By Susan O'Keefe
"Small studies yet large generalizations" quipped one reader. "I found it interesting but maybe not completely factual" voiced another. "His methodology allowed for a tremendous amount of wiggle room."
This compilation of comments came on a recent Tuesday evening when our usual brood of gals met to discuss the club's latest pick. Although the immensely popular book of data points and unconventional research presents interesting findings, our group had its fair share of skeptics. "Outliers" is authored by Malcolm Gladwell. It's his third book, the other two also relating to often overlooked theories or quirky inquiries.
Among his findings, Gladwell suggests Canadian hockey players born in the first quarter of the year benefit immensely when it comes to success on the ice. Consider airline crashes that show a strong relationship to ethnic customs and authoritative hierarchies. Contemplate the wild popularity of The Beatles and ponder that perhaps it was due in part to a lengthy stage gig in Hamburg! Sound a bit out of the box? Keep reading!
For the genius without opportunity, circumstance, or inheritance, a mind is wasted. For the athlete with uncanny abilities, if there is no training, then there is no trophy. No matter the skill, there must be recognition and, furthermore, there must be focused intensity from experts interested in helping an individual hone a skill. Yet, even with honing, Gladwell attests, there must be a certain element that is not in our DNA. It cannot be duplicated or packaged. It is simply community.
Gladwell dedicates an entire chapter comparing and contrasting two highly intelligent individuals who grew up with the intellectual capabilities to reform modern medicine or technology, whichever they chose! While one of them was raised in a wealthy Manhattan neighborhood, his brainy counterpart was scrapping for food on the other side of the tracks. As one was immersing himself in the study of rocks, his parents were responding with a concerted cultivation of the boy's interests. During this time, the equally intelligent other boy was seeking opportunity and open doors, yet became disillusioned with his dreams of world reform as time after time, doors slammed shut or he was never given the option to see what the world held for him. Upon deeper observation, Gladwell's researchers found there is an entire group to which this boy belongs. They're called the group of "squandered talent" and are basically always a day late and a dollar short.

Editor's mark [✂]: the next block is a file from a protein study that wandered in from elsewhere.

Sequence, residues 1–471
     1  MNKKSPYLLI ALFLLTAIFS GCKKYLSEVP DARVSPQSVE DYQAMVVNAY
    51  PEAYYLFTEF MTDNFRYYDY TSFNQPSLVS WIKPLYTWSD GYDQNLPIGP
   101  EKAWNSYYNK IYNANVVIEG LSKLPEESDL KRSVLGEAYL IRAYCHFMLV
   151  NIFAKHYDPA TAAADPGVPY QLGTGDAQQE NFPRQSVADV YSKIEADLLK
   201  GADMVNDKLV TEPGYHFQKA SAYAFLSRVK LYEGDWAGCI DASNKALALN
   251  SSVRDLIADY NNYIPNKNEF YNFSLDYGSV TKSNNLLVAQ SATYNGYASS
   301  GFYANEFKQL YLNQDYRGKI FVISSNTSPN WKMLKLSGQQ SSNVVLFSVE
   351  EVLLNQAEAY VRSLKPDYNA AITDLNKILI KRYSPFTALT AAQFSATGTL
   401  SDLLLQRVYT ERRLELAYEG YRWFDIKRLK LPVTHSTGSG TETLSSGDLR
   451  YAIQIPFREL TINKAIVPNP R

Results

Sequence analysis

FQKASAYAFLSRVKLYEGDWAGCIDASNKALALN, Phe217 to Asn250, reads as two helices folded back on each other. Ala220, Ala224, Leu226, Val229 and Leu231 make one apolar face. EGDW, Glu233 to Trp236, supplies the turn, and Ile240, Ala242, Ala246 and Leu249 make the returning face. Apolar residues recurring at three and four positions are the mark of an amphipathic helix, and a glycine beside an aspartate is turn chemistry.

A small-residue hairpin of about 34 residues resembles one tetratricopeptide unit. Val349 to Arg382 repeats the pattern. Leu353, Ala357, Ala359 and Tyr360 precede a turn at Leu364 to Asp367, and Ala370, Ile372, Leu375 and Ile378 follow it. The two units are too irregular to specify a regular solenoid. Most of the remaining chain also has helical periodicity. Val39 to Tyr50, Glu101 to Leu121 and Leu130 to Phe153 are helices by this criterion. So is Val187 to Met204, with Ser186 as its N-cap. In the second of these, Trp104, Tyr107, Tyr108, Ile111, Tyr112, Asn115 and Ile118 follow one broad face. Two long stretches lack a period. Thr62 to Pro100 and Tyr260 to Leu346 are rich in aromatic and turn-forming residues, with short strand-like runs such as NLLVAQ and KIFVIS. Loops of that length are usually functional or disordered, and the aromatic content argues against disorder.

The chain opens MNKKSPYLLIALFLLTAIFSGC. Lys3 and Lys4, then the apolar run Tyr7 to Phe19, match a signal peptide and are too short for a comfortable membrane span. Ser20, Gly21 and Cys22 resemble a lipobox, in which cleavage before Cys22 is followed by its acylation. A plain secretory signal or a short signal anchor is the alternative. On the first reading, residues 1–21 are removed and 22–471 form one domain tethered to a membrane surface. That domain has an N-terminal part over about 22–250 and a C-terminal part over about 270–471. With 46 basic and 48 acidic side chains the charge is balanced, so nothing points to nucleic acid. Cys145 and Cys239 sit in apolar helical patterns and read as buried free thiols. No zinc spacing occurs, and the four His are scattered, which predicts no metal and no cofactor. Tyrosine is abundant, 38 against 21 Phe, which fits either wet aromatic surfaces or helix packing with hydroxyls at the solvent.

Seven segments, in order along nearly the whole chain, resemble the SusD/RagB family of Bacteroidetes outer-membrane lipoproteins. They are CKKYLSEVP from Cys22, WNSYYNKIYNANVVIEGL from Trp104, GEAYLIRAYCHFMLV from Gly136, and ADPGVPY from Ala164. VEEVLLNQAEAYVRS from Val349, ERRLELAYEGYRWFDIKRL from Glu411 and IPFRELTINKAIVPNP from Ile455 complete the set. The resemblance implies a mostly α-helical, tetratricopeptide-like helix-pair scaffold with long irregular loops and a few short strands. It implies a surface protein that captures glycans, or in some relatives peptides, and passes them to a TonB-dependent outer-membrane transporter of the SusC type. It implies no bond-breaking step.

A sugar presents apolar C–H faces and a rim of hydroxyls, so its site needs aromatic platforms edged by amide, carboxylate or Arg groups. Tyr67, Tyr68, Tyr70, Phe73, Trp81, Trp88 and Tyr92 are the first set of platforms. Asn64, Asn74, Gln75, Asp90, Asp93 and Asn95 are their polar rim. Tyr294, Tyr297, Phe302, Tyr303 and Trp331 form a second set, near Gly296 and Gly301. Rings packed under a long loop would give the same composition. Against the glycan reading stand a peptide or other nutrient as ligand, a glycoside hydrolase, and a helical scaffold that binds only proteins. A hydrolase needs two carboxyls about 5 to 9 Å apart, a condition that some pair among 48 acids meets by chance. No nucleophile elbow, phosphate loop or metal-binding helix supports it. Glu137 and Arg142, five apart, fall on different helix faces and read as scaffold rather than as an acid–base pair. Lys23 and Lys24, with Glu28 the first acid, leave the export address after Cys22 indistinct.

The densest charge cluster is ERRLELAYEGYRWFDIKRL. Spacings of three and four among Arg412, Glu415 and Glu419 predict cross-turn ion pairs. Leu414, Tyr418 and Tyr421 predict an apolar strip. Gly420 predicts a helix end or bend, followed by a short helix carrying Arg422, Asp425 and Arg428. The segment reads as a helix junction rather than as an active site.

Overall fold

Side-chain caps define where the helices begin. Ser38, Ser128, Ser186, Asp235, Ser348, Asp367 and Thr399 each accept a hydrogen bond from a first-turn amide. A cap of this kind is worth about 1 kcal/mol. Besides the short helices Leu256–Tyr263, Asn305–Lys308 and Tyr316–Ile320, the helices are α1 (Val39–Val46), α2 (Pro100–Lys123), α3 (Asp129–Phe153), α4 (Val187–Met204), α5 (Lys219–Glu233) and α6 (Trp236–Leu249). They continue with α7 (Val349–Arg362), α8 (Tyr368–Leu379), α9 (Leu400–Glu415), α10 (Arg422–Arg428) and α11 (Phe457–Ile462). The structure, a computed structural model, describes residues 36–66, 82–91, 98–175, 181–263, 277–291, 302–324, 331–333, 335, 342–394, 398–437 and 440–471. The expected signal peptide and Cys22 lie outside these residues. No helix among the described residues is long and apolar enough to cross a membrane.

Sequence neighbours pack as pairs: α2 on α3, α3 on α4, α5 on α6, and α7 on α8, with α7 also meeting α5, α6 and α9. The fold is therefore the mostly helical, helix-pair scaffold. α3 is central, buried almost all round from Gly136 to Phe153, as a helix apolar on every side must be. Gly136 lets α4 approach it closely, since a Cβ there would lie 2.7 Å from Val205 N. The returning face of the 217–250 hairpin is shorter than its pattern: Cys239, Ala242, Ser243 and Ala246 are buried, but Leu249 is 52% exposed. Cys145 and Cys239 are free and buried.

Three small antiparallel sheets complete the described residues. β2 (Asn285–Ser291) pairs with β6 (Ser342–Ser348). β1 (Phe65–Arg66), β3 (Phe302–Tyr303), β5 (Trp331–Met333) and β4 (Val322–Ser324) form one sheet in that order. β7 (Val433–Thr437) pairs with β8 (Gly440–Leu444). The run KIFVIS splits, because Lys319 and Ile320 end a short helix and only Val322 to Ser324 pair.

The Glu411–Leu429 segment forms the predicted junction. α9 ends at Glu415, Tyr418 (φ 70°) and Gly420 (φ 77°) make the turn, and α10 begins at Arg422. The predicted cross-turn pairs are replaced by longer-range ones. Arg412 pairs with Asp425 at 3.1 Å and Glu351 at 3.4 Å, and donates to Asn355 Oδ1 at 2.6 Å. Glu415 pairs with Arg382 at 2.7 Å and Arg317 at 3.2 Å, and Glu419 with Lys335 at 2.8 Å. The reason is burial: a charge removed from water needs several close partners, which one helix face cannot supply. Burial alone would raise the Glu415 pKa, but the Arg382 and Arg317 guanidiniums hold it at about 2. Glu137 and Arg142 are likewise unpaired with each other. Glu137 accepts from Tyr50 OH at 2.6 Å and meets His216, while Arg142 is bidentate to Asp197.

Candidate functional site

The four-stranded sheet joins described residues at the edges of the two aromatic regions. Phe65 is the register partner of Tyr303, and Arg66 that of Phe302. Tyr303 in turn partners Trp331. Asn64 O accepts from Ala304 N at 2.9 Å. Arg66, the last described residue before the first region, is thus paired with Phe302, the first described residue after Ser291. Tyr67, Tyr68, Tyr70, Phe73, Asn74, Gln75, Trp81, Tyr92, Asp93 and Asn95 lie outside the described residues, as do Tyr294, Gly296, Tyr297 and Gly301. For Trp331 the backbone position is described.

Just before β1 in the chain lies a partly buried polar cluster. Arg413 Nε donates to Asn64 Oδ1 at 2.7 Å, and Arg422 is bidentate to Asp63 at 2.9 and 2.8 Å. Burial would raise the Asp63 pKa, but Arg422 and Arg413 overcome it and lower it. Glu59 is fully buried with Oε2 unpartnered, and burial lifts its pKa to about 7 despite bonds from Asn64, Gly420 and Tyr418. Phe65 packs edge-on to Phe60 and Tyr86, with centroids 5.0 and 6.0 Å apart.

The book interviews and hears from one of those boys after he grew up to be a man. Although not bitter that his life has not achieved Bill Gates-esque status, he is matter-of-fact regarding his position. He describes his frustration with dead ends all the while knowing that everybody gets help from somebody. "â€¦ No one, not rock stars, not professional athletes, not software billionaires, and not even geniuses ever make it alone."
Gladwell's spin on early twentieth century New York City is a considerable conversation starter. Immigrants exited the boat searching for the American dream. Those with skills from their old country that could be transferred to this New World often met success at a fairly rapid pace. Dress makers are one of Gladwell's targets of study in chapter five. He tracks several generations and notes how doors are opened painlessly because of ethnic groups elevating their own. Of course the opposite can be said as immigrants are faced with blatant discrimination. The bottom line? If your skill is in demand and you are proficiently marketing your product, expect great success. Sounds reasonable, but Gladwell pinpoints that the right skill must be sharpened at the right time by the right person in order for a domino effect to ensue. Gladwell takes a narrow look at historical events then broadens his scope to see how the community, country, and even world have absorbed the aftermath.
"Outliers" has been dubbed clever and entertaining. It is not solely a book of sheer fact but rather a collection of oddities that separate or synchronize certain groups.
Planning for a baby? You may want to consult academic or athletic calendar cut off dates! Eager for success as an artist, vocalist, or chef? Start logging hours of practice time as Gladwell's magical number is 10,000 hours of sweat equity. One clubber called it a rare "how-to" book as in "how to make the most of human potential."